Logging and poaching remain serious threats; as the forest cover disappears, so does the wildlife. To reverse the decline, the stunning retreat – created by award-winning architect Bill Bensley – funds a dedicated Wildlife Alliance ranger station within its camp, which guests can join on patrols.
12. Rehabilitate turtles in the Maldives
The Maldives is home to one of the richest marine ecosystems on the planet. To conserve it, Four Seasons Resort Maldives operates the Marine Discovery Centre, run by marine biologists.
While heading the Maldivian Sea Turtle Conservation Program to monitor, protect and rehabilitate turtles, the centre also cares for hatchlings until they return to the wild. Guests can join activities to help the turtles.
13. Private tours on Kangaroo Island
Kangaroo Island Wildlife Park is home to a host of native Australian animals – many of which were rescued and raised from joeys after being orphaned or injured. For a VIP peek, visitors can take a guided private tour which includes cuddling koalas, feeding kangaroos and getting up close to wombats, dingoes, penguins and more.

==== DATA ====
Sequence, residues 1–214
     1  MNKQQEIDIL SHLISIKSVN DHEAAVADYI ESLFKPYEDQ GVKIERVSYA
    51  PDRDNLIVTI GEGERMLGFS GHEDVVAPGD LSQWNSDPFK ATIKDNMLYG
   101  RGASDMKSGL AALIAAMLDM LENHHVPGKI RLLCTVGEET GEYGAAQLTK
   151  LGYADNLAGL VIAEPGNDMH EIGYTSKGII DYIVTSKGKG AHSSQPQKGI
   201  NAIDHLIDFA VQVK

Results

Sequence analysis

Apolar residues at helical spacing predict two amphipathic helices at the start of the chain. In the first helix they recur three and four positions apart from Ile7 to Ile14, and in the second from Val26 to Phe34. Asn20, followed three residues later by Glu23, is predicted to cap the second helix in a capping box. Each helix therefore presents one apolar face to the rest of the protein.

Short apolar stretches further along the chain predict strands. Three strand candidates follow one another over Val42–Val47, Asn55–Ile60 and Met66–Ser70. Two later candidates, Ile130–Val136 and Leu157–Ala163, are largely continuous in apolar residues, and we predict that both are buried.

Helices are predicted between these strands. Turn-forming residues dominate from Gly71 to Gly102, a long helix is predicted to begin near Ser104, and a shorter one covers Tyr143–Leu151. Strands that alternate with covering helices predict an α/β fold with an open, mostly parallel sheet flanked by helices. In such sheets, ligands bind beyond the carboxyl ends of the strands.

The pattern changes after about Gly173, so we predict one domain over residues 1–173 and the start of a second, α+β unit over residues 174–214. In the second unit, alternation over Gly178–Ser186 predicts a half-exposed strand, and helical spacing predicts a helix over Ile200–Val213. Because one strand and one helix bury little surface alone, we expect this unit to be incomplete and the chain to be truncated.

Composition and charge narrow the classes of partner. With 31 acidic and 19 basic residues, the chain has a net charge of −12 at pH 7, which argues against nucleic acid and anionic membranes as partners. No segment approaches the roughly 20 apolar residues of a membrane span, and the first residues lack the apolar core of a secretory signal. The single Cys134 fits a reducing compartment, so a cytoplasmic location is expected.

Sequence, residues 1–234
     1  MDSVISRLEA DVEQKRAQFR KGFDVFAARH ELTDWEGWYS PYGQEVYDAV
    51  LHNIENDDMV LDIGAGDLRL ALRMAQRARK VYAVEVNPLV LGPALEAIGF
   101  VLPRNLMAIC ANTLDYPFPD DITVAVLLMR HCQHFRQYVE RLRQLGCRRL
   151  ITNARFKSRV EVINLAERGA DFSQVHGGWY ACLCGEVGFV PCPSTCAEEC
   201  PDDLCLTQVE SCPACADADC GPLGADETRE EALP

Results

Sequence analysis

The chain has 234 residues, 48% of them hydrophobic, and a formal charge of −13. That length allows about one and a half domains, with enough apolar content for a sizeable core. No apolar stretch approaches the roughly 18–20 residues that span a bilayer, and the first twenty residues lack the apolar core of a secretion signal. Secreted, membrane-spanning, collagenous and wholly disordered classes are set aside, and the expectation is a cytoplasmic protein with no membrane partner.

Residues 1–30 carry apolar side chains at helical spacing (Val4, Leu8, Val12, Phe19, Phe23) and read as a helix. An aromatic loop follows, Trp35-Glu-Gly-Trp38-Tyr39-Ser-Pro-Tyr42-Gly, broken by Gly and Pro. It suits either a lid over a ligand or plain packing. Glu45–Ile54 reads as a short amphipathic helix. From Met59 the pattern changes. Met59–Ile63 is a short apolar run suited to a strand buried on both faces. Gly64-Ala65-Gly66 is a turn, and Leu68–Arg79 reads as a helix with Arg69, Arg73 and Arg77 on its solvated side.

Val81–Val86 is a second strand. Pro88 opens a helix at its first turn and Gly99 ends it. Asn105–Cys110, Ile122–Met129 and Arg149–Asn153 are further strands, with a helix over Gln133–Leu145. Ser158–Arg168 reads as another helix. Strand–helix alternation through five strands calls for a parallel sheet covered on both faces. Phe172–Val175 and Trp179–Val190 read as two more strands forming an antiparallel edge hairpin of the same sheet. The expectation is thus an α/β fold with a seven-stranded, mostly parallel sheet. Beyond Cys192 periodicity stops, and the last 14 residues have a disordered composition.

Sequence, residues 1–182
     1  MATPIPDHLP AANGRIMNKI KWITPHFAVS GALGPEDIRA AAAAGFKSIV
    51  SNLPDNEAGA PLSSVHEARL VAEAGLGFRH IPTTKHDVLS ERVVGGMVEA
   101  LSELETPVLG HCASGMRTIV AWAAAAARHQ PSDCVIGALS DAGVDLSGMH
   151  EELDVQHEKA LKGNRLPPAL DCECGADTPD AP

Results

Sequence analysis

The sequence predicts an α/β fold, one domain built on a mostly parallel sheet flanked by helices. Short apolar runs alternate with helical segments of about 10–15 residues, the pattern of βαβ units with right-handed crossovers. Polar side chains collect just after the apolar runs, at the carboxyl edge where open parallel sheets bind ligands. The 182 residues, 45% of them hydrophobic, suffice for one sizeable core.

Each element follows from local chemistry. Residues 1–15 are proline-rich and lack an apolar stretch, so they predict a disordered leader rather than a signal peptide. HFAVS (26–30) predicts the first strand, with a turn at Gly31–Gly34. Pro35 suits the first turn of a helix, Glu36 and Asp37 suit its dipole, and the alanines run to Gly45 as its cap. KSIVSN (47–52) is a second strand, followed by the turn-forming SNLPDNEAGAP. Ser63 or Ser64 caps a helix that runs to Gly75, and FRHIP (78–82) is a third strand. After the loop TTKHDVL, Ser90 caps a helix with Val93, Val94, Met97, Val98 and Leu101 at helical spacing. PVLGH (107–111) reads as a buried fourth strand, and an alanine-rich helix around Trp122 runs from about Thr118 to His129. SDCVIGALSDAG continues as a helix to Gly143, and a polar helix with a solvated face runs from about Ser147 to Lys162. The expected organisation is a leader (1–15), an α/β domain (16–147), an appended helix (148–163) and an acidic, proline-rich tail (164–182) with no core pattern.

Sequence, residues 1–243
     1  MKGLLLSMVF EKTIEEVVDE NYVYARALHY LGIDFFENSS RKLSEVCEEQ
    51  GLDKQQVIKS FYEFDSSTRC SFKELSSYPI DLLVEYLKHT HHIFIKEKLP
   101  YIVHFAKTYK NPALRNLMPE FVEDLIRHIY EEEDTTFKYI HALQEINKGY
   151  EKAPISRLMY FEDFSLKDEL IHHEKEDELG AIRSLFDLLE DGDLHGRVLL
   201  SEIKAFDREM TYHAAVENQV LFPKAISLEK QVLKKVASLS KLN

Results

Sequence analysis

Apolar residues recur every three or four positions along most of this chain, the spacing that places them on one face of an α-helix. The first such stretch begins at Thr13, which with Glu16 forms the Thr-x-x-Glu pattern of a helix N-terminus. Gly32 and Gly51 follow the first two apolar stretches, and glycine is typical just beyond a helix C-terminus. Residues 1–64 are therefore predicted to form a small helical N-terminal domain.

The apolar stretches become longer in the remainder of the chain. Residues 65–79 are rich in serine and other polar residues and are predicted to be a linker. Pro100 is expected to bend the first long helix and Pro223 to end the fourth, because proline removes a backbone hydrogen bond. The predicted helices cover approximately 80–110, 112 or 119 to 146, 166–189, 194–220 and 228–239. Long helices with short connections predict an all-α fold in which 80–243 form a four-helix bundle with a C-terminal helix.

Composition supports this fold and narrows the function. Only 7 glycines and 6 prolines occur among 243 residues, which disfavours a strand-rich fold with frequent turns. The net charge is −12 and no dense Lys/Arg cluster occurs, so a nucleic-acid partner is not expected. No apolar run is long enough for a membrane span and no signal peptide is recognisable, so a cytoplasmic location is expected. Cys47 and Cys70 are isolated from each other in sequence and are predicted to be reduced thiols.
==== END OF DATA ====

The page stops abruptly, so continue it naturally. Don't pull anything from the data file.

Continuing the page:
14. Meet Mexico’s sea turtles
Experience the natural wonders of the Baja California peninsula, all the while supporting crucial research with Elevate Destinations’ ‘Sea Turtle Conservation and Whale Adventure’ tour. The hands-on, week-long journey gives travellers the chance to work alongside local fishermen and conservationists as they partake in sea turtle monitoring, data collection and net checks.
15. Become an ambassador with WWF
Striving to create a future where people and nature live in harmony, the World Wildlife Fund for Nature has many global benchmarks under its belt. Now, WWF has partnered with Natural Habitat Adventures to offer many exceptional small-group conservation experiences. They range from watching glaciers calve in Greenland to observing polar bears in Churchill.
16. Share an island with a near extinct iguana
Boasting 45 overwater bures on the edge of a protected marine sanctuary in Fiji, Likuliku Lagoon Resort rangers discovered a Malolo Island crested iguana at the property in 2010 – a species thought to be extinct.
The team began working with researchers from the US Geological Survey, Taronga Zoo and San Diego Zoo to develop a program to rehabilitate the species and remove it from the extinction list. By 2019, 44 had been documented. Guests can join personalised tours of the resort’s iguana sanctuary and dry forest habitat.
17. Stay with Singita
Singita has been working to preserve and protect the African wilderness for 27 years, and each one of its 15 award-winning lodges and camps conserves a thriving habitat of plants and animal species.